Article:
Using satellite data to decode disease origins

By Katharine Gammon
Credit: woodleywonderworks via flickr

Uncovering the origin of illness is like finding a needle in a haystack, but that search is getting easier with the help of powerful tools like genetic analysis and satellite data.

In Katmandu, Nepal, where outbreaks of are common, researchers used tiny in the makeup of the pathogen to gain a better understanding of where it began and how it spread.

"Typhoid is completely eradicable," said Stephen Baker, head of intestinal infections at the Oxford University clinical research unit in Ho Chi Minh City, Vietnam and the lead author of the new research published last week in the journal Open Biology. "We are not only highlighting people to the fact that typhoid is still prominent, but we're understanding more about how it's transmitted."

Baker's team went to each infected person's house and mapped the location using GPS. Then they analyzed the in the typhoid bacteria from each patient. Like other diseases, typhoid evolves as it spreads, so the researchers used the combination of DNA mapping and geographic mapping to see exactly how the disease moved through the population.

Baker said it took three years -- and a lot of dedication -- to collect all the data, both genetic and locational.

"People don't have addresses in Katmandu," Baker said.

When the team analyzed all the data, they found something that bucked conventional wisdom.

"The dogma in our field is that where there are more people, there will also be more cases of typhoid -- and that wasn't the case," Baker said.

Instead, the outbreaks of typhoid were clustered around specific locations, which didn't match up with population density. Even more surprising, strains of typhoid were often different in people living in the same household -- meaning that the illness was not being transmitted from person to person but rather through , where multiple strains may be present. So the woman known as Typhoid Mary, a cook in New York believed to have spread the disease to dozens in the early twentieth century, may not have been entirely at fault.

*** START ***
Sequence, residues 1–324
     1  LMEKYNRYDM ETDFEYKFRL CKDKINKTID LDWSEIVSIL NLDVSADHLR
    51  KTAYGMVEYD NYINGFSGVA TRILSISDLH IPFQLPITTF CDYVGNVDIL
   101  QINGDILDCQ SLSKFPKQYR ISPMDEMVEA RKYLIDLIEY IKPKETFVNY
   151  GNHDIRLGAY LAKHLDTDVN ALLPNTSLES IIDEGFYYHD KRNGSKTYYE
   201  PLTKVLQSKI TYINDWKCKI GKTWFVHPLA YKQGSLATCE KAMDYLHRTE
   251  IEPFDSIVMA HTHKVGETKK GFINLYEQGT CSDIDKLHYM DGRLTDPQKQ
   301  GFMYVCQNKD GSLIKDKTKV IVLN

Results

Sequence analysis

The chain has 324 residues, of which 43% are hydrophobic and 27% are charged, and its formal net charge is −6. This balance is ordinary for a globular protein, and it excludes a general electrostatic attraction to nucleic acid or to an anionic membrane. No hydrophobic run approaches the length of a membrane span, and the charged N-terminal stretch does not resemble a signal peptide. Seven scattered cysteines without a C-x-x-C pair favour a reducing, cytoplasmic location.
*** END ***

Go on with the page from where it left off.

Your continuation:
Typhoid is spread when water gets contaminated with fecal bacteria, and the Centers for Disease Control and Prevention estimates it sickens 21.5 million people per year around the globe. Baker said that using tools like GPS and genetic sequencing shows the need for better sanitary conditions and clean water, alongside vaccines -- which prevent person-to-person transmission.

"Vaccines are only part of the answer," Baker said.

The study showed that two groups of people were particularly at risk for getting sick: people living near to water spouts -- a main source of water -- and people living at a lower elevation, presumably because dirty water would flow downward to them.

Other experts see the promise in new tools to understand disease outbreaks.

"With better information, you can predict where certain strains may be occurring, and also identify geographic regions where certain agents are likely to be more effective," said Ward Wheeler, curator in the Division of Invertebrate Zoology at the American Museum of Natural History in New York City, who helped create a web application that tracks the evolution of on a map. "That really could be a big help in dealing with outbreaks in public health."

New tools aren't just for prediction, either. They can help researchers see connections that wouldn't otherwise be apparent.

"Geospatial technologies allow scientists to put diverse information in a common context to inspire and test hypotheses and see patterns that are not apparent in two-dimensional graphs," said Daniel Janies, associate professor at Ohio State University, who also works on maps that combine genetic and geographical information.

Baker said that typhoid, like cholera, tends to be overlooked by western countries, but it is still a killer in many places.

"There a lack of understanding of the overall incidence and of the long-term implications of typhoid," Baker said.

New technological tools may help fill in some of the gaps.

More information: Paper doi:10.1098/rsob.110008

Provided by Inside Science News Service

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